Ulysses S. Grant Memorial
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Ulysses S. Grant Memorial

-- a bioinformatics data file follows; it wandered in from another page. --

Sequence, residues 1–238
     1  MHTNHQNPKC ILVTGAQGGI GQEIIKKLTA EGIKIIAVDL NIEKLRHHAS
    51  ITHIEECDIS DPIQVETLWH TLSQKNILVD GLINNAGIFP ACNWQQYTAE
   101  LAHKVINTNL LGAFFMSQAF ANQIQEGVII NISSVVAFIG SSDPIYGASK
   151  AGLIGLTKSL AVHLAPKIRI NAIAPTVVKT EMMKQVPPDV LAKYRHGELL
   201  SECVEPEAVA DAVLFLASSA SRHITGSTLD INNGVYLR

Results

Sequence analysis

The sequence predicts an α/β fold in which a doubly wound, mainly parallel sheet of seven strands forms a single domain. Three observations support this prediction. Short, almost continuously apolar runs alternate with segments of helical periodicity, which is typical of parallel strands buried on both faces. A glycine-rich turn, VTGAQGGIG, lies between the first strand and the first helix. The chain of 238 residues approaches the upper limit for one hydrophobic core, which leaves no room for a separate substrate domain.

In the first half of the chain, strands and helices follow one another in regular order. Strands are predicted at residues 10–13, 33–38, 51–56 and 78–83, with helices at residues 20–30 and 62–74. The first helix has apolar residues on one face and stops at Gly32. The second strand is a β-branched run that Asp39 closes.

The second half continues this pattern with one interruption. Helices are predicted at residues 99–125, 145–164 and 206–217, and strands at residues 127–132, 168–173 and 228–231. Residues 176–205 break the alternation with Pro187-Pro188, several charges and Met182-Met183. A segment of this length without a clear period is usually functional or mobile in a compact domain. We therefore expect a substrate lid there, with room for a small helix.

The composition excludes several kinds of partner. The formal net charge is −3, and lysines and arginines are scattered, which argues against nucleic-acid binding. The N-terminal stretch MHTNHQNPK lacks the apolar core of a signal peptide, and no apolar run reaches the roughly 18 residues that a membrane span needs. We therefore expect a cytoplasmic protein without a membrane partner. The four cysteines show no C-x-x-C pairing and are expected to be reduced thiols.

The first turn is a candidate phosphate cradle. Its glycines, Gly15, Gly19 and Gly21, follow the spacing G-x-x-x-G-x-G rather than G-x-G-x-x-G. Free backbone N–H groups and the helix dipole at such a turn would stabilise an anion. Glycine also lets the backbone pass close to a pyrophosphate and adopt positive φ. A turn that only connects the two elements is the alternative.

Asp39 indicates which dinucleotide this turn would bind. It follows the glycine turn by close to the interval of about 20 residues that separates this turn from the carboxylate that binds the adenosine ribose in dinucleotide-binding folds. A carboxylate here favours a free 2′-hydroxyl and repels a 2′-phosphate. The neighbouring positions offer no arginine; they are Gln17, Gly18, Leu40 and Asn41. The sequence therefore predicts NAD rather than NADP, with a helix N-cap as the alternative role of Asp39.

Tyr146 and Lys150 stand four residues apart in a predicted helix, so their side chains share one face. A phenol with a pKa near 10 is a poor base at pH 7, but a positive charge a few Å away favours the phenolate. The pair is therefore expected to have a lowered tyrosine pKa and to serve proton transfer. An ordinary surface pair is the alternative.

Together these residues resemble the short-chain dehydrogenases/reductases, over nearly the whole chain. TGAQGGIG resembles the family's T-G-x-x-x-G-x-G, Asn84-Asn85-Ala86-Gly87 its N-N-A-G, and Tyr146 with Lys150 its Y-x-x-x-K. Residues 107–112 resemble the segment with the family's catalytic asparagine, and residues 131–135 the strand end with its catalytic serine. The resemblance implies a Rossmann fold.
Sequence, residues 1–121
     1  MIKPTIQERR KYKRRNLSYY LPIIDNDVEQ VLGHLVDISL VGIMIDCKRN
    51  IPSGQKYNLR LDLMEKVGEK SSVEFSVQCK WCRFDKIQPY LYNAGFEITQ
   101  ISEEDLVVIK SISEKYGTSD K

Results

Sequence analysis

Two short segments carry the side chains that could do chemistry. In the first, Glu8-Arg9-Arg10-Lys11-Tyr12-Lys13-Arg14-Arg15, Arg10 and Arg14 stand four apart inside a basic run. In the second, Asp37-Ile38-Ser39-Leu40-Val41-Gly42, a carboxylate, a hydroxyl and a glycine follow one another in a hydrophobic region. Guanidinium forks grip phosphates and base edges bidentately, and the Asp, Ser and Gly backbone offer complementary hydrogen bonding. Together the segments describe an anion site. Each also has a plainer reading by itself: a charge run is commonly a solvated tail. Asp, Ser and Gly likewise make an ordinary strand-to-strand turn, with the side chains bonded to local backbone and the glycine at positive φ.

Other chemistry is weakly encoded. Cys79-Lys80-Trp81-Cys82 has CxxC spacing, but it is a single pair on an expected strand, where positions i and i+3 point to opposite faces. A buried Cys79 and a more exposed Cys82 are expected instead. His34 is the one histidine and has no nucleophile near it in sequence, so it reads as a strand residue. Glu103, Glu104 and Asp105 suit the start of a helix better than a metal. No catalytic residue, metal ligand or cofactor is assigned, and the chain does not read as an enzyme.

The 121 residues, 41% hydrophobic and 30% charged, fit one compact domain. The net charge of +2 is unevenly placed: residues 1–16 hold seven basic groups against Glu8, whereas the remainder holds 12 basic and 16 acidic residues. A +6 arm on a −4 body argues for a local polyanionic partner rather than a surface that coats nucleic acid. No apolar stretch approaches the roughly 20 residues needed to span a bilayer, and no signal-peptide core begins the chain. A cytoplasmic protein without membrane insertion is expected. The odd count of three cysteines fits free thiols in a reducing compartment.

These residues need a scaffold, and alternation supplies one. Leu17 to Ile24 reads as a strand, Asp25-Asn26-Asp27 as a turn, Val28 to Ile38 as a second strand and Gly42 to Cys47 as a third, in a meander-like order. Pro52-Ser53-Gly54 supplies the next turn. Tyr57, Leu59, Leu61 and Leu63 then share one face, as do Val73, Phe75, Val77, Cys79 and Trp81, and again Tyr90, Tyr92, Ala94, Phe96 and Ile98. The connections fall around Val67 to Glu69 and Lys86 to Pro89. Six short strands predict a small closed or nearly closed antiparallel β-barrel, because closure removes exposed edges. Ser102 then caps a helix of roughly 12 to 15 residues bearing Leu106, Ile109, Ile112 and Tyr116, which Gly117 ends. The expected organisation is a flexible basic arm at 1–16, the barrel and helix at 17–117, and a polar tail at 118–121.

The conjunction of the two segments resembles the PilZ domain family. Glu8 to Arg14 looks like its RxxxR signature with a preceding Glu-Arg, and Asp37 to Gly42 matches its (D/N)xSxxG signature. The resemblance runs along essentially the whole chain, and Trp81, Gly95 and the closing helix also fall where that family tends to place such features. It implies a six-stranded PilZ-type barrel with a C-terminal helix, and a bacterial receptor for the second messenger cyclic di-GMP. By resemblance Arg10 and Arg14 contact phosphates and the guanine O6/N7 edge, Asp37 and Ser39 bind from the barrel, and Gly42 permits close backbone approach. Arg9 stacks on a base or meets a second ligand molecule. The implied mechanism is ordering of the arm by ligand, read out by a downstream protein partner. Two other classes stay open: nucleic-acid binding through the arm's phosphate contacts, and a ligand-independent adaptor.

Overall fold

The memorial to Ulysses S. Grant was dedicated in 1922. It is located in Union Square, west of the U.S. Capitol Building, by the Capitol Reflecting Pool. In late 2011, the care of the Grant Memorial was transferred from the National Park Service to the Architect of the Capitol. The bronze elements were restored in 2016. Bronze and Marble 1920; dedicated 1922 Sculptor: Henry Merwin Shrady Architect: Edward Pearce Casey Situated in Union Square at the edge of the reflecting pool and backed by the United States Capitol, the bronze and marble General Ulysses S. Grant Memorial honors the Civil War Commander of the Union Armies who was also a two-term President (1869–1877). It marks the eastern terminus of the National Mall and faces the Lincoln Memorial almost two miles to the west, symbolically linking the President and the General who fought to save the Union. Celebrated as the largest equestrian monument in the United States, it is 252 feet long by 71 feet wide by 44 feet high and is a tour de force of monumental sculpture. It is a remarkable achievement by a sculptor who, with little formal training, toiled twenty years to translate his grand vision into cast bronze. At two and one-half times life size, the figure of Grant mounted on his horse forms the monument’s apex atop a pedestal that is over twenty-two feet high. Four lions lying with heads erect, guarding the flags of the Army and the United States, mark the corners of an imaginary pyramid’s base and visually align with the life-size Cavalry Group on the north and Artillery Group on the south. The monument is an essay in opposites, contrasting Grant’s customary stillness while observing battles with the turbulence of the charging Cavalry and Artillery. The symmetry and simplicity of the classically styled platform, suggesting a reviewing stand, provide an effective stage for the heightened realism of the bronze components. Thirty years after General Robert E. Lee's surrender at Appomattox ended the Civil War, veterans who had served under Grant in the Army of the Tennessee launched a campaign to erect a monument to General Grant in Washington, D.C. In 1901, Congress passed the Hepburn Act, authorizing funds for a memorial at a cost not to exceed $250,000; this was the largest Federal sculptural commission to date. Congress appointed the Grant Memorial Commission to identify a site and oversee a competition. In March 1902, the Commission solicited proposals, including the stipulations that artists had to be American citizens and that all sculpting and casting had to take place on American soil. Twenty-three artists submitted twenty-seven designs. The selection panel, including prominent sculptors Daniel Chester French and Augustus Saint-Gaudens, reviewed the plaster models and chose the team of Shrady and Casey, a decision contested by older, more established artists, particularly the runner up, Charles H. Niehaus. When the Grant competition began, planners had not finalized the memorial’s exact location, which was originally to have been one of two sites south of the White House. However, a plan developed by the McMillan Commission to improve the National Mall offered a potential new site that was soon seen to be the ideal choice: Union Square, proposed for the area then occupied by the Botanic Garden to the west of the Capitol. Inspired by the Place de la Concorde in Paris, Union Square appeared on drawings as a large plaza containing three equestrian statues honoring Civil War generals: Grant, towering in the center, would be flanked by William Tecumseh Sherman and Philip Henry Sheridan. It is likely that this tripartite arrangement influenced Shrady and Casey’s design, which features three sculptural groups. As Shrady worked on the monument's various sculptural elements, he forged a close relationship with Roman Bronze Works, a Brooklyn-based foundry noted for its exceptional craftsmanship. The sculptor began with the monument's simplest bronze elements, the lions. One pair was completed in 1906, and by the spring of 1908 the architectural superstructure was in place and all four lions were placed on their pedestals. Next came the Artillery Group, at the time the largest bronze group ever to be cast in the United States. Weighing fifteen tons, the ensemble required expert engineering and was assembled on site in 1912 from four large sections. In 1915 Shrady completed the modeling of the Cavalry, and it was installed the following year. Finally, in 1918, Shrady received approval for the full-scale clay model of the mounted Grant, which was cast and installed in 1919. Only the low-relief infantry panels for the sides of Grant’s pedestal remained to be completed. Shrady tragically died two weeks before the memorial’s dedication on the centennial of Grant’s birthday, April 27, 1922. Shrady's assistants Edmond Amateis and Sherry Fry finished the panels based on his sketches, and they were installed in 1924. The Grant Memorial continues to captivate viewers with its immediacy and dramatic power. The low height of the flanking groups of Cavalry and Artillery, situated across from marble exedras built into the monument, allows viewers to imagine themselves amid the action as if in the heat of battle. Realistic details at eye level, including military trappings and uniforms, rocky terrain, battle debris, horse musculature, and the pained expressions of individual soldiers, endow the scene with authenticity. Shrady researched and studied all aspects of the monument intently, even observing specially staged cavalry and artillery drills at the United States Military Academy at West Point to ensure accuracy in the movement of the two groups. In the Cavalry group, seven horsemen of the color squad of a cavalry regiment stampede onto the battlefield, about to crush a fallen soldier, one of their own. Weapons, figures, animals, and terrain merge into a riveting, visual narrative. In the Artillery Group, soldiers struggle to steer a cannon into position, but the team of three horses lunges and twists as the lead horse, reacting to a broken bridle, rears uncontrollably. In sculpting the Cavalry and the Artillery groups, Shrady used painstaking detail to convincingly convey the idea of individual soldiers' sacrifices in the context of a national purpose. Similarly, in his likeness of Grant astride his Kentucky thoroughbred, he sought to capture an authentic portrait of the great military leader. Shrady synthesized all available sources, including the death mask of Grant in the Smithsonian and the recollections of his own father, who was Grant's personal physician during his last illness. As described in the memorial's 1924 commemorative book, "truth and simplicity were the pervading traits which tinged Grant's other qualities." Shrady portrayed Grant as he often appeared on the battlefield, without a sword, shoulders slightly drooping, and crowned with a tilted, wide-brimmed Army hat.